The “Apostolic Keys” of priesthood authority today — by which is meant the right to direct the Church — are believed to be vested in the modern apostles in the same way that the ancient apostles had the authority to direct the early church.
Scriptures foretelling apostasy
Let no man deceive you by any means: for that day shall not come, except there come a falling away first, and that man of sin be revealed, the son of perdition;
For, behold, the darkness shall cover the earth, and gross darkness the people: but the Lord shall arise upon thee, and his glory shall be seen upon thee.
The earth also is defiled under the inhabitants thereof; because they have transgressed the laws, changed the ordinance, broken the everlasting covenant.
Now the Spirit speaketh expressly, that in the latter times some shall depart from the faith, giving heed to seducing spirits, and doctrines of devils;
The validity of other people’s religious experiences
- “The inquiry is frequently made of me, 'Wherein do you differ from others in your religious views?' In reality and essence we do not differ so far in our religious views, but that we could all drink into one principle of love. One of the grand fundamental principles of ‘Mormonism’ is to receive truth, let it come from whence it may.” Joseph Smith, quoted in History of the Church of Jesus Christ of Latter-day Saints, 2nded. (Salt Lake City: Deseret News Press, 1949), 5:499.
- “We have come not to take away from you the truth and virtue you possess. We have come not to find fault with you nor to criticize you. We have not come here to berate you. … Keep all the good that you have, and let us bring to you more good.” President George Albert Smith, quoted in Sharing the Gospel with Others, comp. Preston Nibley (Salt Lake City: Deseret News Press, 1948), 12-13; italics added.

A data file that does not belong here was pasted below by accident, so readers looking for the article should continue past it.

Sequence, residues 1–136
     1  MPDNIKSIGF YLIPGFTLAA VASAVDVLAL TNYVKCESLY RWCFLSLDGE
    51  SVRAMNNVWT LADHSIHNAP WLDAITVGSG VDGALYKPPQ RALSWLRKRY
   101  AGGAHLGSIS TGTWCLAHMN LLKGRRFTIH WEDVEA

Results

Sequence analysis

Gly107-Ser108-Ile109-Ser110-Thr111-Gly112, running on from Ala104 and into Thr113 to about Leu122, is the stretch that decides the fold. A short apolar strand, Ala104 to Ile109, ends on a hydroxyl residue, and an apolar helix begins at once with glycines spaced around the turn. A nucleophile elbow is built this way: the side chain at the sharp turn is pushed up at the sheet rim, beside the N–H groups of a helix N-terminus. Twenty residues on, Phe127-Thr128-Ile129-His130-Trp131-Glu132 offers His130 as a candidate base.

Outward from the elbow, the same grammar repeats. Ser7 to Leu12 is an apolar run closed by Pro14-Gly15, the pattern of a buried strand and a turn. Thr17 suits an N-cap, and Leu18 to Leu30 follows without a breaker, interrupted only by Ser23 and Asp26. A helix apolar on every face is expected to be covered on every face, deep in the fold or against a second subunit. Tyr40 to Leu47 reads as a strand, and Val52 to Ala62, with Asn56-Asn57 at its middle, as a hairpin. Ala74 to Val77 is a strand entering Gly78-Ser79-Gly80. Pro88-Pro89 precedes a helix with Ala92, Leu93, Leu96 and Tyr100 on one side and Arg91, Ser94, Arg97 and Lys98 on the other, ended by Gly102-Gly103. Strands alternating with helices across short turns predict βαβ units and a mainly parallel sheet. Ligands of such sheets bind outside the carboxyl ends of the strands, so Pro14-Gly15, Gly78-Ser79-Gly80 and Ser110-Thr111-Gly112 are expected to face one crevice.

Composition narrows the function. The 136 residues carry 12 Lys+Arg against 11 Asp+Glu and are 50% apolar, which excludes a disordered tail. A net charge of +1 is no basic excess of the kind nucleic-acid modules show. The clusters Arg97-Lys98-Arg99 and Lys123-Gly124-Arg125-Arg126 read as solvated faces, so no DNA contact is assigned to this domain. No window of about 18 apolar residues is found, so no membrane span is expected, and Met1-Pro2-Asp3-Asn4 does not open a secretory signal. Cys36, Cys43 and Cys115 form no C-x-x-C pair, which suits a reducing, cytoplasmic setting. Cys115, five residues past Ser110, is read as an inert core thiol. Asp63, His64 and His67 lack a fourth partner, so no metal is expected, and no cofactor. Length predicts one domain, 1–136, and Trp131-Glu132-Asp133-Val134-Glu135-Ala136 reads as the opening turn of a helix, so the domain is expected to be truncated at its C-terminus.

- “The line of priesthood authority was broken. But mankind was not left in total darkness or completely without revelation or inspiration. The idea that with the Crucifixion of Christ the heavens were closed and that they opened in the First Vision is not true. The Light of Christ would be everywhere present to attend the children of God; the Holy Ghost would visit seeking souls. The prayers of the righteous would not go unanswered.” Boyd K. Packer, “The Light of Christ,” Ensign, Apr. 2005, 11.
- “Informed Latter-day Saints do not argue that historic Christianity lost all truth or became completely corrupt. The orthodox churches may have lost the ‘fullness’ of the gospel, but they did not lose all of it nor even most of it. Many Evangelicals caricature or overstate the actual LDS view, which is that the orthodox churches are incomplete rather than corrupt. It is their postbiblical creeds that are identified in Joseph Smith’s first vision as an ‘abomination,’ but certainly not their individual members or their members’ biblical beliefs.” Craig L. Blomberg and Stephen E. Robinson, How Wide the Divide? A Mormon and an Evangelical in Conversation (Downers Grove, IL: InterVarsity Press, 1997), 61.